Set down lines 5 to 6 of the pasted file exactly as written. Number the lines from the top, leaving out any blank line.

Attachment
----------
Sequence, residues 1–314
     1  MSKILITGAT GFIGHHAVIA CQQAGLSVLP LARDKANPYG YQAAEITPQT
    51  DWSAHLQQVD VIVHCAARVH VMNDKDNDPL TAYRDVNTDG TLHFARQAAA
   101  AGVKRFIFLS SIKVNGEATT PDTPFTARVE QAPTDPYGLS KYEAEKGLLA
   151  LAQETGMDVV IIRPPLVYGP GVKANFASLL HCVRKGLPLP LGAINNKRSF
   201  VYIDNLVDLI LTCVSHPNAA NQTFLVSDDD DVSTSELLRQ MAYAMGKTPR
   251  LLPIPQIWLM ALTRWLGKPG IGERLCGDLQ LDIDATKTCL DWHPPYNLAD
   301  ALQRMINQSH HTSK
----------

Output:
   151  LAQETGMDVV IIRPPLVYGP GVKANFASLL HCVRKGLPLP LGAINNKRSF
   201  VYIDNLVDLI LTCVSHPNAA NQTFLVSDDD DVSTSELLRQ MAYAMGKTPR